-- this post authored by Tobias Adrian, Michael Fleming, and Ernst Schaumburg
Market participants and policymakers have recently raised concerns about market liquidity - the ability to buy and sell securities quickly, at any time, at minimal cost. Market liquidity supports the efficient allocation of capital through financial markets, which is a catalyst for sustainable economic growth. Changes in market liquidity, whether due to regulation, changes in market structure, or otherwise, are therefore of great interest to policymakers and market participants alike.
This week, we will publish a series of five posts that shed light on the evolving nature of market liquidity. We kick off the series with a post that examines various measures of liquidity in the Treasury market. We then present three posts that consider the evolving role of high-frequency trading in financial markets, particularly the Treasury market. The last post documents the stagnation of dealer balance sheets since 2009 and explores possible drivers of this behavior. Following is a quick summary of the posts in the series:
Has U.S. Treasury Market Liquidity Deteriorated? by Tobias Adrian, Michael Fleming, Daniel Stackman, and Erik Vogt. The issue of financial market liquidity has received tremendous attention of late. This emanates not only from market participants' concerns that regulatory and structural changes have harmed dealers' market-making abilities, but also from events such as the taper tantrum and the flash rally, in which sharp price changes were observed amid seemingly little news. But is there really evidence of a sustained reduction in liquidity? In this post, the authors address this question with respect to the U.S. Treasury market.
Liquidity during Flash Events, by Ernst Schaumburg and Ron Yang. "Flash events" - extremely large price moves and reversals played out over just a few minutes - have occurred in some of the world's most liquid markets in recent years. What makes these events remarkable is that they seem to have been unrelated to any discernable economic news during the event window, beyond the market movements themselves. In this post, the authors consider important similarities and differences between three major flash events that occurred between May 2010 and March 2015 in U.S. equities, euro-dollar foreign exchange, and the U.S. Treasury markets.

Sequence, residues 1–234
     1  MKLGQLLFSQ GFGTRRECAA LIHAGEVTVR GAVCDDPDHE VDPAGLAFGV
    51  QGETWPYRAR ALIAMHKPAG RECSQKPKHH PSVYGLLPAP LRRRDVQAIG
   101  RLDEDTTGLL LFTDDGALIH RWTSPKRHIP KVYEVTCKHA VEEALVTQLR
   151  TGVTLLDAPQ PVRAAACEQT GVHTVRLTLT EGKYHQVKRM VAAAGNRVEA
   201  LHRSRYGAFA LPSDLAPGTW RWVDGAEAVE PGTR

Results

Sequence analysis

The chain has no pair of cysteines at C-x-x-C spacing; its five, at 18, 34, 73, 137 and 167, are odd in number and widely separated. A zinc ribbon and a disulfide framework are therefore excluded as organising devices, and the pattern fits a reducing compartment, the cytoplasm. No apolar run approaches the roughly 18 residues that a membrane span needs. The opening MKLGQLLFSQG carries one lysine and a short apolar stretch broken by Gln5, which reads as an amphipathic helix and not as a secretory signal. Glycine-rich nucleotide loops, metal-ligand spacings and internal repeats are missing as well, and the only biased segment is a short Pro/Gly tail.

High-Frequency Cross-Market Trading in U.S. Treasury Markets, by Dobrislav Dobrev and Ernst Schaumburg. The authors examine the increased correlation of high-frequency trading activity across assets and trading platforms, as illustrated by futures trading on the CME and benchmark bonds traded on interdealer platforms. The findings highlight the importance of both the changing nature of participation and the discrete technological changes that have enabled near instantaneous coordinated trading. Such trading maintains a stable pricing relationship between related assets, even during periods of extraordinarily high volatility.
The Evolution of Workups in the U.S. Treasury Securities Market, by Michael Fleming, Ernst Schaumburg, and Ron Yang. The market for benchmark U.S. Treasury securities is one of the deepest and most liquid in the world. Although trading in the interdealer market for these securities is over-the-counter, it features a central limit order book. A distinctive feature of this market is the "workup" protocol, whereby the execution of a marketable order opens a short time window during which market participants can transact additional volume at the same price. The authors document the continued important role played by the workup, show some ways in which trading behavior in the workup has evolved, and explain some of the observed changes.
What's Driving Dealer Balance Sheet Stagnation? by Tobias Adrian, Michael Fleming, Daniel Stackman, and Erik Vogt. Securities brokers and dealers engage in the business of trading securities on behalf of their customers and for their own account, and use their balance sheets for trading operations, particularly market making. Total financial assets of dealers in the United States have shown no growth since 2009. This stagnation in their balance sheets raises the worry that dealers' market-making capacity could be constrained, adversely affecting market liquidity. The authors investigate the stagnation of dealer balance sheets, focusing particularly on the boom and bust of the housing market and the ensuing financial crisis.
The views expressed in this post are those of the authors and do not necessarily reflect the position of the Federal Reserve Bank of New York or the Federal Reserve System. Any errors or omissions are the responsibility of the authors.
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